The funny man is a middling comic in an unnamed city. By day he takes care of his infant son, by night he performs in small clubs, sandwiched between other aspiring comics. His wife waits tables to support the family. It doesn’t sound like much, but they’re happy, more or less. Until the day he comes up with it. His thing. His gimmick...
The funny man is a middling comic in an unnamed city. By day he takes care of his infant son, by night he performs in small clubs, sandwiched between other aspiring comics. His wife waits tables to support the family. It doesn’t sound like much, but they’re happy, more or less. Until the day he comes up with it. His thing. His gimmick. And everything changes. He’s a headliner, and the venues get bigger fast. Pretty soon it’s Hollywood and a starring role in a blockbuster, all thanks to the gimmick.
Which is: He performs with his fist in his mouth to the wrist. Jokes, impressions, commercials—all with his fist in his mouth to the wrist. The people want him—are crazy for him—but only with his fist in his mouth.
And the funny man, he is tired of having his fist in his mouth.
Thus, as the novel begins, his career’s in tatters, his family’s left him, and he’s on trial for shooting an unarmed man six times. But for the second time in his life, against all odds, he’s found love. This time with another celebrity, who may or may not be sending him coded messages, and may or may not be equally in love—or even know he exists. A coruscating satire of our culture of celebrity, this debut novel documents one individual’s slide from everyman to monster, even as it reveals the potential for grace—and mercy—in his life.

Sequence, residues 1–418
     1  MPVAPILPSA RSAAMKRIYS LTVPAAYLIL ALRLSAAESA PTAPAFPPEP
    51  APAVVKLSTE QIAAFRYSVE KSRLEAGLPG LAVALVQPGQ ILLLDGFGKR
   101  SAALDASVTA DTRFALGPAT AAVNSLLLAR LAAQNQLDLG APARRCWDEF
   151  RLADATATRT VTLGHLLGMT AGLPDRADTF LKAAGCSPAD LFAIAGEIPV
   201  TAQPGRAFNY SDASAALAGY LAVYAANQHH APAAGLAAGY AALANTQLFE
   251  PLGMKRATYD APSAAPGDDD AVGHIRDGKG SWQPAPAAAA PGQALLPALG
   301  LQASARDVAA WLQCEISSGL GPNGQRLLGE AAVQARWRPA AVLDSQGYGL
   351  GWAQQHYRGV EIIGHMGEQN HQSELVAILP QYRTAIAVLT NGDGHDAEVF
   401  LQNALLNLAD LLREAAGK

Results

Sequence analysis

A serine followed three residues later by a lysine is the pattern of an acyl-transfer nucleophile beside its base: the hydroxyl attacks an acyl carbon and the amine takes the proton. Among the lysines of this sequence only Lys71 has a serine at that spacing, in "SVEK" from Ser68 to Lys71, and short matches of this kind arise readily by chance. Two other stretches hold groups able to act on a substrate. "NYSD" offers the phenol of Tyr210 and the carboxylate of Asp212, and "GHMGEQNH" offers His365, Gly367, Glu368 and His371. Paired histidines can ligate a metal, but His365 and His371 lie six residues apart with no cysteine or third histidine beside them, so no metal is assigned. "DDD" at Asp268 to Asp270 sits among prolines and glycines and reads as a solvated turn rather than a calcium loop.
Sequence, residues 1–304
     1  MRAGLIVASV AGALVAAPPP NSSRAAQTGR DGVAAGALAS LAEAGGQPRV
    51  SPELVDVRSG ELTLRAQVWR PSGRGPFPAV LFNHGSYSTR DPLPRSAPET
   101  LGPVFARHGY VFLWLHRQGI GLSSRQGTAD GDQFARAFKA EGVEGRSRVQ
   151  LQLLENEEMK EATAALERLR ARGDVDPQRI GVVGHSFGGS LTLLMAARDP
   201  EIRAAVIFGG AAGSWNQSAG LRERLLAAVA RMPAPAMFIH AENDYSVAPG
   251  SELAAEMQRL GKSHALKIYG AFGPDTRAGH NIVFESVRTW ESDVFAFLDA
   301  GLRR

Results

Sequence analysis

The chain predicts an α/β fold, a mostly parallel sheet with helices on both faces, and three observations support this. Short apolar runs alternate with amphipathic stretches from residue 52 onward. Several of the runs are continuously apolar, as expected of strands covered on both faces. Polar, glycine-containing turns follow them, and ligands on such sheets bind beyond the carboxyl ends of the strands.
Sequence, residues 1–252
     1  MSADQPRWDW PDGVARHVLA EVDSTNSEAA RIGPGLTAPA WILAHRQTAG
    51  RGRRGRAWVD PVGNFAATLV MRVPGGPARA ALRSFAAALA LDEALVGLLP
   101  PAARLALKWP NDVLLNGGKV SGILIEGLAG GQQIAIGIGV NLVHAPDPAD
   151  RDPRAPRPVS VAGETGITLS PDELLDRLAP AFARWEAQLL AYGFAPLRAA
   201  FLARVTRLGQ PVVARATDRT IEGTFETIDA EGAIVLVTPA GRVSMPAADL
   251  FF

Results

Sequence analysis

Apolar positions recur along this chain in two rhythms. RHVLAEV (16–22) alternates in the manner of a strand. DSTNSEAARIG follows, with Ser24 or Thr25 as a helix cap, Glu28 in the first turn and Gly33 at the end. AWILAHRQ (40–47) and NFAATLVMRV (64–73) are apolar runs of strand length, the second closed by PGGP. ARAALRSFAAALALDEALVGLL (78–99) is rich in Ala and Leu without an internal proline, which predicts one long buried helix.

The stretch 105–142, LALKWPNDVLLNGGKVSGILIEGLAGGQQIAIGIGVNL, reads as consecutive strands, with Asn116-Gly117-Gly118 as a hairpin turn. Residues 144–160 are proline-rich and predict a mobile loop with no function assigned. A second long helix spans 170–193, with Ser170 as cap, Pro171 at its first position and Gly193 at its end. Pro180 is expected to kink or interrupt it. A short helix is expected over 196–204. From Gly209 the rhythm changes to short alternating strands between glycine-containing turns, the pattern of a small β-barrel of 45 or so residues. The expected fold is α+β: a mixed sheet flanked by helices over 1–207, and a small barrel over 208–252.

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“John Warner is an uncommonly funny and gifted writer who has managed to make the business of comedy actually funny, as opposed to the awful self-negating mess that it actually is (I may only be speaking from personal experience on this last point.) This book will make you laugh and think and laugh some more.”
—Michael Ian Black
“An illuminating satire…a sharply focused lampoon of the escalating absurdity of the newest virulent strains of celebrity culture—as the story’s funny man straddles a deeply conflicted persona reminding us that comedy is after all, no joke.”
—The Daily Beast
“The Funny Man joins a short list of intelligent, dark comedies about self-loathing main characters whose success is built on the poor taste and/or low IQ of the American public. In so doing, Mr. Warner follows the path of authors like Chris Buckley and Randall Silvis, but he is darker than the former and funnier than the latter. Regardless of the company he keeps, The Funny Man puts John Warner among the most perceptive and edgy chroniclers of an increasingly coarse American culture.”
—New York Journal of Books
“I'm not at all surprised that John Warner would invent the perfect Everyman for our age: a comic whose meteoric rise to fame is based on a stupid gimmick. Half first-person tell-all, half third-person takedown—a brilliant structure—The Funny Man is a whip-smart satire of celebrity culture. It is hysterical, and sad, and ultimately indicts us all. An excellent novel.”